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Love Actually: Developing a pragmatic science policy agenda for 2021

jochataway7 January 2021

Love is all around

In 2019, UK politician, Rory Stewart, then running for Leadership of the UK Conservative Party, spoke regularly of love being at the core of his policy agenda. In a particularly memorable moment, during the launch of his campaign, he answered a question about how he was going to combat negativism towards transgender and ethnic minority people by saying ‘its about pride in each other…[its] about listening and, I’m afraid, its about love’.

heart shape in book

Photo by Hush Naidoo on Unsplash

I thought about that launch event moment often over 2020. The combined ravages of a Trump presidency and a terrible global pandemic have made a mockery of so many of things that seemed rational and certain. In the moment, Stewart’s claim that policy must be rooted in love and respect for ourselves and solidarity with each other in all our diversity, sounded so far from the norm, but increasingly it seems to me that pragmatic and convincing policy responses have a lot to do with love, listening and respect.

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Innovative interdepartmental collaborations are needed to foster better science policy and diplomacy interfaces and enable all the SDGs

j.c.mauduit8 December 2020

By Dr Luis Lacerda, Research Associate in Paediatric Neuroimaging at UCL Institute of Child Health & Dr Jean-Christophe Mauduit, Lecturer in Science Diplomacy, UCL Department of Science Technology Engineering and Public Policy

As a global university, UCL is leading the way in exploring how universities can contribute to the UN Sustainable Development Goals (SDGs), as it recently demonstrated in its two-week virtual conference organised by UCL Grand Challenges and the Global Engagement Office. Helping realise the SDGs will benefit from the university’s most relevant expertise on each particular goal and enhance translational research, but will also enable more cross-disciplinary research within our diverse community, with the aim to spark collaborations ‘beyond boundaries’.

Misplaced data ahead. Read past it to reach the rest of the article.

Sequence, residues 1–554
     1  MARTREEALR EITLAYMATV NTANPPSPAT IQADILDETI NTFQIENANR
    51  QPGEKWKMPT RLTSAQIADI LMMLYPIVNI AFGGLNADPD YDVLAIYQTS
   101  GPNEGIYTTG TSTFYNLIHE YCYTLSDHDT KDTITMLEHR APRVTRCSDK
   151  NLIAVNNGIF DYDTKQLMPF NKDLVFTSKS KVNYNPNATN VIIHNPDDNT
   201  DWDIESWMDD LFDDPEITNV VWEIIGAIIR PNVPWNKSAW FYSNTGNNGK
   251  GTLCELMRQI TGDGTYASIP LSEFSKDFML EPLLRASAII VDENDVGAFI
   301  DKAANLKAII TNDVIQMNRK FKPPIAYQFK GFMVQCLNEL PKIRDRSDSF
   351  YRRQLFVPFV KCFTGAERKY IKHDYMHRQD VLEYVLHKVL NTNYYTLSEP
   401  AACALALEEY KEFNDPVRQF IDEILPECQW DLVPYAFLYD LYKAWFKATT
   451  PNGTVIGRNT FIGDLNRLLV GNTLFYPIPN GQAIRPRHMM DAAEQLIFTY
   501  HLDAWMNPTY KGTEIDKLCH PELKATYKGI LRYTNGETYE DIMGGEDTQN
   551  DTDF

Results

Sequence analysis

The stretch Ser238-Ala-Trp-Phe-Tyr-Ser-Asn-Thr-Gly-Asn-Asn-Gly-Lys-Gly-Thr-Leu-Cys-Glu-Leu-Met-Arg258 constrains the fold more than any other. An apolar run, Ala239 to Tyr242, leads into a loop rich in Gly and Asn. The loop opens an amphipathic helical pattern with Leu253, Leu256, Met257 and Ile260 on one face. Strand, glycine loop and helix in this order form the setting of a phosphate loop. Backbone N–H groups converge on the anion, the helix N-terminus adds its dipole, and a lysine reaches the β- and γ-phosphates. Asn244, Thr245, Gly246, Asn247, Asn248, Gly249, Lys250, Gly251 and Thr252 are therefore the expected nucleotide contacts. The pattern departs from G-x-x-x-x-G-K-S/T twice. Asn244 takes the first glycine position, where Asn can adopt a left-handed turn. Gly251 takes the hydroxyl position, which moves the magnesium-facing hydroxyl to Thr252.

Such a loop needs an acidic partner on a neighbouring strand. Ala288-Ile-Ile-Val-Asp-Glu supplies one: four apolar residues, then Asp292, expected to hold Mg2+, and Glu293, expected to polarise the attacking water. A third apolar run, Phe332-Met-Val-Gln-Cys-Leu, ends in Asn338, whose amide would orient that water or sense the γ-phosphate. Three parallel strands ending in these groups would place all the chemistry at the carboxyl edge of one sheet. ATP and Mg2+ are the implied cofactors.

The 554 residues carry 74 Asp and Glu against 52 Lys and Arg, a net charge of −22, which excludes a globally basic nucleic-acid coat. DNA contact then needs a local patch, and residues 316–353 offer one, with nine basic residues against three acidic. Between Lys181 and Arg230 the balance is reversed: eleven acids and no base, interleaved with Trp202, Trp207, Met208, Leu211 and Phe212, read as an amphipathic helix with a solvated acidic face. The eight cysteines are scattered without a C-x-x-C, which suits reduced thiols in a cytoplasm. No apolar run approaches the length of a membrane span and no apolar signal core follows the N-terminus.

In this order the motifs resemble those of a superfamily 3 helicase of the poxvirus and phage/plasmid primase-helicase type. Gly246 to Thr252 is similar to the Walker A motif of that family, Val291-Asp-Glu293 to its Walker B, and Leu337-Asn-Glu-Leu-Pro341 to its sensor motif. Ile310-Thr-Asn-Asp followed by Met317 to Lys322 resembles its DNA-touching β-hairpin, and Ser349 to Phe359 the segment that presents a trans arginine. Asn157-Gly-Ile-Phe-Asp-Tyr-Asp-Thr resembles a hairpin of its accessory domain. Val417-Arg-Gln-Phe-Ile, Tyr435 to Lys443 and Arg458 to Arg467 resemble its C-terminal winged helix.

Programs like the Capabilities in Academic-Policy Engagement spearheaded by UCL Public Policy or like the Policy Impact Unit of UCL STEaPP are essential in helping researchers better understand the policy landscape, develop the necessary skills to engage with it more effectively, and work hand in hand with policymakers to develop more evidence-informed public policies based on their research. However, policy impact is not necessarily topic-specific. Indeed, there are many general science policy and diplomacy interfaces that are cross-cutting and relevant to all the SDGs, and they also deserve our attention. There are also many UCL researchers who are willing to engage and develop these interfaces beyond their particular research area.

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COVID-19: IoT and Cybersecurity

fredrikskippervold27 August 2020

Fredrik Johan Skippervold is a UCL MPA Graduate within Digital Technologies and Policy 18/19. He holds a Bachelor of Law with Spanish and is currently a researcher in the PETRAS National Centre of Excellence for IoT Systems Cybersecurity.